Sunday, March 7, 2010

Prostate Cancer, It's Only A Shame if You're Quiet

I've written about my own bout with prostate cancer. I was diagnosed in 2007 and had surgery in 2008. It was a scary time for me and for my family - but we're grateful that nearly three years later, I'm healthy and cancer free.

I wish I had known more about the disease sooner. Seriously. I think I would have been much more proactive about examinations and prostate health care, had I known for instance that my grandfather had prostate cancer.

Or what it meant for my father to be diagnosed with the disease ten years ago.

The doctor's discovered his cancer much later than mine was detected. It's been a disease and treatment that has caused a great deal of discomfort, uncertainty and, yes expense.

And its the disease from which he is dying.

My cancer was detected earlier and at a younger age than both my grandfather and my father. But until my own diagnosis, I didn't know that having instances in your family increased the probability of my getting the disease.

I didn't know that prostate cancer is the most common cancer among men, excluding skin cancer, or it the second leading cause of cancer death in men. I didn't know that all men are at risk for prostate cancer. Or that risk increases with age as well as family history And I didn't know that African-American men are more than twice as likely to have prostate cancer than white males, with nearly a two-fold higher mortality rate than white males.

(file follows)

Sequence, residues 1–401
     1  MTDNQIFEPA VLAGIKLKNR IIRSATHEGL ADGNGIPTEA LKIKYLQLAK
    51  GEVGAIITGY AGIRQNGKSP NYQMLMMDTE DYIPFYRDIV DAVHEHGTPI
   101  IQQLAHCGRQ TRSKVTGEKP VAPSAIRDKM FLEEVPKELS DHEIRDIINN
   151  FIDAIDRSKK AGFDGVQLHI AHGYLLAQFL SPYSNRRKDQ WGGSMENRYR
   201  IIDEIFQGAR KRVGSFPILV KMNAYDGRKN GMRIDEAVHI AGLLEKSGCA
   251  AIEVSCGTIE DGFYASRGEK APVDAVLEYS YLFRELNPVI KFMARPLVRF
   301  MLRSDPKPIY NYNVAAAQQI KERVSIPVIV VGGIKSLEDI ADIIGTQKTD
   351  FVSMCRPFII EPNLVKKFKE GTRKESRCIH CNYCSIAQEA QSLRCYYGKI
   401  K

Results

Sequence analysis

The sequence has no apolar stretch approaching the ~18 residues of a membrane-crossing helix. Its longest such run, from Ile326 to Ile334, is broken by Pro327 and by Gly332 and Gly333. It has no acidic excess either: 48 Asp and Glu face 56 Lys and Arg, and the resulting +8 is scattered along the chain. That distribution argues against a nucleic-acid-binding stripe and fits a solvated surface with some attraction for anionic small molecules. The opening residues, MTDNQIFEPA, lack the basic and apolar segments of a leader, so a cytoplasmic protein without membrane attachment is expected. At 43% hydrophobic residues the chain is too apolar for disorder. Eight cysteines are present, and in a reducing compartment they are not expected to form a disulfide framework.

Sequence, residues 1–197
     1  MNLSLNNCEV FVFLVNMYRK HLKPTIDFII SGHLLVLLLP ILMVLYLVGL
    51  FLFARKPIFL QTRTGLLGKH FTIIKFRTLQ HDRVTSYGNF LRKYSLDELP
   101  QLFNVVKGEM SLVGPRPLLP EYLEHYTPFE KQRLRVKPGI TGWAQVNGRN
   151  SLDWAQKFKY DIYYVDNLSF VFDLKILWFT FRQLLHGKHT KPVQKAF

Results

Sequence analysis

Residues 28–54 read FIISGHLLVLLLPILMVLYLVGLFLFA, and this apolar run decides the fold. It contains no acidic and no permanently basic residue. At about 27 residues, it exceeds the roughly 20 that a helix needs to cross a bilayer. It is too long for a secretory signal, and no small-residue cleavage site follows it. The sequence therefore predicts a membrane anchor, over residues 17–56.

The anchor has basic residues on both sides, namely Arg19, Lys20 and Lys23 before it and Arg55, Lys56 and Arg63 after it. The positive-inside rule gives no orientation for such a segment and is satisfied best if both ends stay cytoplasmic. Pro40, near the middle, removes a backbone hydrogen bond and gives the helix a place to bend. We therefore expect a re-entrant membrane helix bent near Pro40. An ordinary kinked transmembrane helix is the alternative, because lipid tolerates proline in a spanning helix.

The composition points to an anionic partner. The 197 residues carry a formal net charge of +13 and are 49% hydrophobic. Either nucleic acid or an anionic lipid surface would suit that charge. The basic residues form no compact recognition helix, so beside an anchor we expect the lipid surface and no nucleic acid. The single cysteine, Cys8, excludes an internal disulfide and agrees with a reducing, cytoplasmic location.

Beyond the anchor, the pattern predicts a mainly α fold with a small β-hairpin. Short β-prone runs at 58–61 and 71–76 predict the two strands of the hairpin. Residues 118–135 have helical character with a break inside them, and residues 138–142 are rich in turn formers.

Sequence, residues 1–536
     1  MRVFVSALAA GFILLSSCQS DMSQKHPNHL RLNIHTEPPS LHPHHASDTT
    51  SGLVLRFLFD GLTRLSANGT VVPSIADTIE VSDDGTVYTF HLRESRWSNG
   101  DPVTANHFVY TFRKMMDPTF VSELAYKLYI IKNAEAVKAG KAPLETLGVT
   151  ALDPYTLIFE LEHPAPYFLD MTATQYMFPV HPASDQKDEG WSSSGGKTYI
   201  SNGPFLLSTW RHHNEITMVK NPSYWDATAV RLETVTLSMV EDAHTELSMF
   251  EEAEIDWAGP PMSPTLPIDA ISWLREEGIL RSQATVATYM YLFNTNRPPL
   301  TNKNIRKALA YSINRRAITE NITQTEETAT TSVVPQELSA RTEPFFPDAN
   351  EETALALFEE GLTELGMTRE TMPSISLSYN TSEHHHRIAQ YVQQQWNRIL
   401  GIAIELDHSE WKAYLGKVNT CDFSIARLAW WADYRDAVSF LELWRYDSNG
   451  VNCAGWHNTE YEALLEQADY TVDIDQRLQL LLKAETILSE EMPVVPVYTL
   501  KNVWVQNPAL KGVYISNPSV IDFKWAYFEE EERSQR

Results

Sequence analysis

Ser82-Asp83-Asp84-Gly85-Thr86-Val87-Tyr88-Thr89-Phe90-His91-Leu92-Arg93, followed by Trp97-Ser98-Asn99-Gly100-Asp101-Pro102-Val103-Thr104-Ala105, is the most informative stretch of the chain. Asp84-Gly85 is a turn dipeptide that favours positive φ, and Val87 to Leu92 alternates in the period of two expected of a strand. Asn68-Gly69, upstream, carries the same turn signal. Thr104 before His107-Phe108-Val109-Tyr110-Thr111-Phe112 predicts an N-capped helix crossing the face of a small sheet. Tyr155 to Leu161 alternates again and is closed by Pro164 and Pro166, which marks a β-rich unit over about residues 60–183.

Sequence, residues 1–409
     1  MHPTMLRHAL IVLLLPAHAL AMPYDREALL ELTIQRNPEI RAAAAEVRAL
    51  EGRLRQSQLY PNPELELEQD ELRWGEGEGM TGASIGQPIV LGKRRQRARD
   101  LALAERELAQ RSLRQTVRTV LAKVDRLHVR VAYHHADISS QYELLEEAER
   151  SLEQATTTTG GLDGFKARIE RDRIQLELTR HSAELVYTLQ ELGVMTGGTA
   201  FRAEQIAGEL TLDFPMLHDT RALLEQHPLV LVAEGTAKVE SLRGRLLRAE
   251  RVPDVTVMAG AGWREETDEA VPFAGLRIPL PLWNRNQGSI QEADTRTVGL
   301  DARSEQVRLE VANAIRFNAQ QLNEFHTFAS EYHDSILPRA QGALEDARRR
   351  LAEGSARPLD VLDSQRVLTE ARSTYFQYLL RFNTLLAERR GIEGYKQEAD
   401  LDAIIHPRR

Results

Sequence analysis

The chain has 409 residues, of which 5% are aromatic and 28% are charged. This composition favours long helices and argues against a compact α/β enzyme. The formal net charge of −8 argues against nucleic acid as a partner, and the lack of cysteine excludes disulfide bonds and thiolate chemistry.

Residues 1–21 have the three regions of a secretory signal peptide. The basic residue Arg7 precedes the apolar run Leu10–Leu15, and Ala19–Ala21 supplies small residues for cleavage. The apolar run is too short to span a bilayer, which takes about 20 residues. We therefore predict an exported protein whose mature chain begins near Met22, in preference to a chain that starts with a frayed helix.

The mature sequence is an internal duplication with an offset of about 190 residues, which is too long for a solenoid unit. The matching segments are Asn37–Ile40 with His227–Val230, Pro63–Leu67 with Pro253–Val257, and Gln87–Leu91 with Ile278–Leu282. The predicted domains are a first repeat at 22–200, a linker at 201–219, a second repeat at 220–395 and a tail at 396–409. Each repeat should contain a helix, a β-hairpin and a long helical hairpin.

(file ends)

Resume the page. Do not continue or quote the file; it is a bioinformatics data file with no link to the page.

One of the most disturbing things that I found out after my diagnosis is how many men have had the disease and have not told anyone about it. I understand now that there is fear and or shame associated with contracting the disease. And I also understand now that it is totally unnecessary. There are other men who need to know that this disease and the treatment options make possible now to have a great quality of life. But they won't know the importance of prostate health, care and cancer treatment, if those of us who have had the disease remain quiet about it.

Both my brother and I have talked about how helpless we feel as we watch this disease ravage our father's body. Although its too late for much more than prayer and the love and attention that the family can give, its not too late for those of you reading to encourage the men in your lives to fight past the self imposed fear and shame associated with this disease and discuss examination and, if necessary, treatment with their doctors.

It's important and the men in our lives are worth it.

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